“Those who surrender freedom for security will not have, nor do they deserve, either one.” — Benjamin Franklin
That quote can be found in a place that serves as a stark reminder of why Americans are less secure with our infatuation with homeland security than we were on Sept. 11, 2011.
The place is Manzanar National Historic Site in a desolate stretch of Inyo County. It marks were 11,700 Americans were interned for the mere crime of being part of an ethnic group at the wrong time in history.
They were forcibly sent there without due process out of fear they were terrorists living among us in the aftermath of Japan’s sneak attack on Pearl Harbor on Dec. 7, 1941.
Some weren’t American citizens but many were.
Their crime was basically being Americans of Japanese descent. The fear that gave President Roosevelt the authority to issue an executive order rounding up 120,000 Japanese Americans on the West Coast was based on the assumption they were agents of espionage for Japan. Yet by the end of World War II not one of them even had charges of espionage brought against them.
They were forced to abandon businesses, farms, homes, pets and virtually all of their belongings. Those fortunate enough had neighbors who watched over their property and took care of it while they were interned. Some lost everything by the war’s end.
Manzanar stands as much as to the foolishness of suspending freedom in times of fear as it does as mute testimony of what 120,000 loyal Americans suffered while housed at 10 internment camps in desolate desert regions as well as in swamps in the western United States.
The willingness of many of us today to suspend freedom and liberty in exchange for the false sense of security belies the fact such a strategy can easily make you the victim of some future mass hysteria based on ethnicity, beliefs, or political views.
In a way, it is no different than those who opted to turn a blind eye to the mass extermination of the Jews. They did so because they weren’t Jewish but it ignores the fact that the target could be the Jews today and them tomorrow
The point is not to sit in judgment of what the United States did in 1942 after Pearl Harbor. Instead it is to remember the truism that those who forget history are doomed to repeat it.
We did not intern Americans of Middle Eastern descent after Sept. 11, 2001. That said our treatment as a society as a whole and the government in particular of those Americans who have ethnic ties to the Middle East hasn’t exactly been stellar.
Years ago when I was still in high school in Lincoln, my group of friends got into a discussion on religion. One guy believed Marvin Hata was a Buddhist simply based on his ethnicity. He refused to believe Marvin when he told him that he was a Methodist as were his parents and his grandparents. They were parents and grandparents, by the way, that had been among the 120,000 internees taken from their homes, farms, and businesses simply because they were Americans of Japanese descent.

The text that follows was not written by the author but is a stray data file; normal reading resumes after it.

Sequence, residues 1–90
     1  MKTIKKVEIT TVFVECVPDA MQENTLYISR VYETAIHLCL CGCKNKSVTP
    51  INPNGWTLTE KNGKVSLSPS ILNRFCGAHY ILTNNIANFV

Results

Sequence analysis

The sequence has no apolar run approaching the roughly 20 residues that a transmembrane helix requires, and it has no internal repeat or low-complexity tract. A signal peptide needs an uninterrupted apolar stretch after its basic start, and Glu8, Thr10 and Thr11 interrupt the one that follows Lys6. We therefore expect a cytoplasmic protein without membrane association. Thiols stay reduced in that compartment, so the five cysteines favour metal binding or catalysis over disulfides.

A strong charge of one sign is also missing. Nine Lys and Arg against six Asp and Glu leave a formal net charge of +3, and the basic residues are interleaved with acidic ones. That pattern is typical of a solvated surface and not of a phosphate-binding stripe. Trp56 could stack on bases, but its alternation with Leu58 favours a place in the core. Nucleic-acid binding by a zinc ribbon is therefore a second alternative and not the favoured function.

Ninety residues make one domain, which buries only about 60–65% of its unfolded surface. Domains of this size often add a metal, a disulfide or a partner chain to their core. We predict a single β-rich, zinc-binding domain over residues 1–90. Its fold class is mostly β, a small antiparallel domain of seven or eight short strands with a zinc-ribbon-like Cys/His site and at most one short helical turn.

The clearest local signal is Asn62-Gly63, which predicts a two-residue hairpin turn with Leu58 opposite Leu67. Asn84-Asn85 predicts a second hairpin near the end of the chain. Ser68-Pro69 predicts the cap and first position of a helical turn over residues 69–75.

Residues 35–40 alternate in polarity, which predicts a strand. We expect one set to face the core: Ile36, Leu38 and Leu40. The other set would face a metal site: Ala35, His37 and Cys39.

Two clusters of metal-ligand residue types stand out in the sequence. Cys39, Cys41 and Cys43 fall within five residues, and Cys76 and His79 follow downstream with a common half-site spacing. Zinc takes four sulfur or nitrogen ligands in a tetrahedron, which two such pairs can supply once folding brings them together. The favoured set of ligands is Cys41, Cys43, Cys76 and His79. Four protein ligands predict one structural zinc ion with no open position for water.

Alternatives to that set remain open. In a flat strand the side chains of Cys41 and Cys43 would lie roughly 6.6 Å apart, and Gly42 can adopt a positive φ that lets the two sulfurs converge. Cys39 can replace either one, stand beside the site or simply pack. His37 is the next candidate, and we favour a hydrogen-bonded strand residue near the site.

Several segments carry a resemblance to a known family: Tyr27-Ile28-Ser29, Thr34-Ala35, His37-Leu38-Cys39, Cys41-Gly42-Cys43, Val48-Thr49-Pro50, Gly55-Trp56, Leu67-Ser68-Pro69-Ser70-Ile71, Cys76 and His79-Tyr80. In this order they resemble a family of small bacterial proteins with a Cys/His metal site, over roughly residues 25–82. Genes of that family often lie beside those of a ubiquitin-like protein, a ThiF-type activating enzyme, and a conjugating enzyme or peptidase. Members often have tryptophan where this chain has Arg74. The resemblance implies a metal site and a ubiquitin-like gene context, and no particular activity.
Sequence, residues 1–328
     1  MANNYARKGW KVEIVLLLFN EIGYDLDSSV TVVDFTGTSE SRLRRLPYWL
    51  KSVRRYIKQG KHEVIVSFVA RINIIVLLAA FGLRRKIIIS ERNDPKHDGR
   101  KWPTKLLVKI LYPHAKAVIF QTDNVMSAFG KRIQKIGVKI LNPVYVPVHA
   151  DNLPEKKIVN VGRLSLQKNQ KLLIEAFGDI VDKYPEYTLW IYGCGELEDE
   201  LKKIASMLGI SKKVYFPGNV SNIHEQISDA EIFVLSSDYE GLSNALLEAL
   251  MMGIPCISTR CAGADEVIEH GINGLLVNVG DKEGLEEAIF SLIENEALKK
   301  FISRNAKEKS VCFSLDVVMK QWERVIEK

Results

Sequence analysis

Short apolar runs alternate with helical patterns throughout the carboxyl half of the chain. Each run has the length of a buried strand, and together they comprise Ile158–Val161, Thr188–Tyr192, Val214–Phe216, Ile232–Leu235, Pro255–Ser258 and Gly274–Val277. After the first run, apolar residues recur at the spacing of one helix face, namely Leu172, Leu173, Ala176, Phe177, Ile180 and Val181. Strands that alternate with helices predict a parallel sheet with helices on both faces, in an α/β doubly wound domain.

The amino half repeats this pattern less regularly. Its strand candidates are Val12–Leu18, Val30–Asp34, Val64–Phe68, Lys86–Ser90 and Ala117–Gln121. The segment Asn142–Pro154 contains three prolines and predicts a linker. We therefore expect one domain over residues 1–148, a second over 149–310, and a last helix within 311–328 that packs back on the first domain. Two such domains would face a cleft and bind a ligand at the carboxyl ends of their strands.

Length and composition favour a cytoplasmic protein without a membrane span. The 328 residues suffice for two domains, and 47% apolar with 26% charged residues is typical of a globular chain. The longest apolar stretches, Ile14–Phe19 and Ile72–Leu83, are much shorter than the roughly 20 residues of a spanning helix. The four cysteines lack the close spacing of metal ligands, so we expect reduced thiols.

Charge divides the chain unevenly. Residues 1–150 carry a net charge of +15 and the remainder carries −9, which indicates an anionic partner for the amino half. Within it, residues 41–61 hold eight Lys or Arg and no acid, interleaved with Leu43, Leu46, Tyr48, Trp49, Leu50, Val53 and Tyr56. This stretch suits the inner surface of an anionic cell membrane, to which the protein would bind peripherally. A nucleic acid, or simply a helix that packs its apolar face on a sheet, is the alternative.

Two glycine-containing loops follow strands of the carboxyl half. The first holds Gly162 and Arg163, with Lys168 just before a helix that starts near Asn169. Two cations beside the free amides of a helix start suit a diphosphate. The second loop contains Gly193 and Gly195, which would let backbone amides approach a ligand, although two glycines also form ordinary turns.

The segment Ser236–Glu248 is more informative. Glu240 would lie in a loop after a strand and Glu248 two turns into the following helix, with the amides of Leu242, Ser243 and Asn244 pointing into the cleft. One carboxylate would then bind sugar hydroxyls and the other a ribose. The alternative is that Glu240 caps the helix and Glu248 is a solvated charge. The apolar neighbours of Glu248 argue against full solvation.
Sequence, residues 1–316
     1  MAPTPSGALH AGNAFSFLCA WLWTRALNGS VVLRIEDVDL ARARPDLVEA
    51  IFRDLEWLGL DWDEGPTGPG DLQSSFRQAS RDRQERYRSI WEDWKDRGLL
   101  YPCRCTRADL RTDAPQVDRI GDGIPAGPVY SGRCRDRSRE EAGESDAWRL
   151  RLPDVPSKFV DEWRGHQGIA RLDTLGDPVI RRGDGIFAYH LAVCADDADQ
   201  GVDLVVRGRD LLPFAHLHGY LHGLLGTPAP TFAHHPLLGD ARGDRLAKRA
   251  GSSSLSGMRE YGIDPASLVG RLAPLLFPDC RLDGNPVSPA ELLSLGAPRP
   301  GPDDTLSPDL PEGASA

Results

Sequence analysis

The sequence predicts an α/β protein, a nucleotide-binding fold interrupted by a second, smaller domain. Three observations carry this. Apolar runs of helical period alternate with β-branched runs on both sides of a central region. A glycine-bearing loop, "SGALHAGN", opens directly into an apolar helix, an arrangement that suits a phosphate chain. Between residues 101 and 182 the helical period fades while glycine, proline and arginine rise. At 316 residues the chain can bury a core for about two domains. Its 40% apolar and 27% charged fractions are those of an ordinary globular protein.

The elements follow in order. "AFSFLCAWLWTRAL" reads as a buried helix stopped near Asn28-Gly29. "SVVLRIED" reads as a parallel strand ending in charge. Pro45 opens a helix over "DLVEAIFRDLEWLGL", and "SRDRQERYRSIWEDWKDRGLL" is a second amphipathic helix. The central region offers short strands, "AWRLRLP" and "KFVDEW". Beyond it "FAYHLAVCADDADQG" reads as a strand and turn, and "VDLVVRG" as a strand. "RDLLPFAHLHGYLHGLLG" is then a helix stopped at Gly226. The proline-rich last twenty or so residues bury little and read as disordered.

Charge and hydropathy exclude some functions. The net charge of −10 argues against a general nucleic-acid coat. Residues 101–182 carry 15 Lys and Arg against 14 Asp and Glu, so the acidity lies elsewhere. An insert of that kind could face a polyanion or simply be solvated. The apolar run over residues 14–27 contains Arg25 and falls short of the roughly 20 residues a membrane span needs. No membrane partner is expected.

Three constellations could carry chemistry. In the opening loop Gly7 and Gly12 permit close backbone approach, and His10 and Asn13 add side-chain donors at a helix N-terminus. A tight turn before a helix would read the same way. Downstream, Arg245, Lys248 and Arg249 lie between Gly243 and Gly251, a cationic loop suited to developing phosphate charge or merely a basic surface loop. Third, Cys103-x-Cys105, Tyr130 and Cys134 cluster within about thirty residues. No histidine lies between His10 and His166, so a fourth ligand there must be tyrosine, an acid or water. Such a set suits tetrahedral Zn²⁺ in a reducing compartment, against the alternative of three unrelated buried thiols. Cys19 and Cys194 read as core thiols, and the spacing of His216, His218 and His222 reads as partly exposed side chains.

Fast forward to 15 or so years ago: An anonymous caller to the Bulletin was “upset” that “Thomas” had bought the Texaco station at Powers and Yosemite avenues here in Manteca. The caller said he was “one of them” referencing the Iraqis that were “religious fanatics” that Americans fought in the Gulf War.
It turns out Thomas and his family are Christians that fled the Saddam Hussein regime. The odds of them being executed for their faith if they had stayed was extremely high.
We are never more wrong when we make blanket decisions based on a person’s skin tone in regards to who they are.
America is supposed to value the individual yet as a society we spend most of our time trying to pigeonhole people based on skin tone, religion, political beliefs, sexuality, socio-economic background, and even the way they dress.
We still have the lingering attitude DNA that gave the Balkan States a verb — balkanization. We need to work harder at stopping the tendency to make wholesale judgments of groups of people.
Just because they watch the Dukes of Hazards doesn’t make them a racist nor if they support abortion does it make them murders.
Yes, both statements are shaped by perspective. If every time you saw a Confederate flag and you are black and you experienced racism, you may jump to the conclusion — however wrong it might be — that the Confederate flag is a sign of racism in all cases where you see it. By the same token not everyone by a long shot agrees at what point life begins.
People don’t have to sacrifice their values and beliefs.
What they need to do, though, is to refrain from passing blanket judgments that ultimately rob us all of freedom for a false sense of security.
America is only as strong as individuals banding together — not out of fear or prejudice — but from seeking common ground.
And anytime we willing allow anyone’s freedoms to be sacrificed without due process we all become a little less secure.
This column is the opinion of Dennis Wyatt and does not necessarily represent the opinion of The Journal or Morris Newspaper Corp. of CA. He can be contacted at firstname.lastname@example.org or 209.249.3519.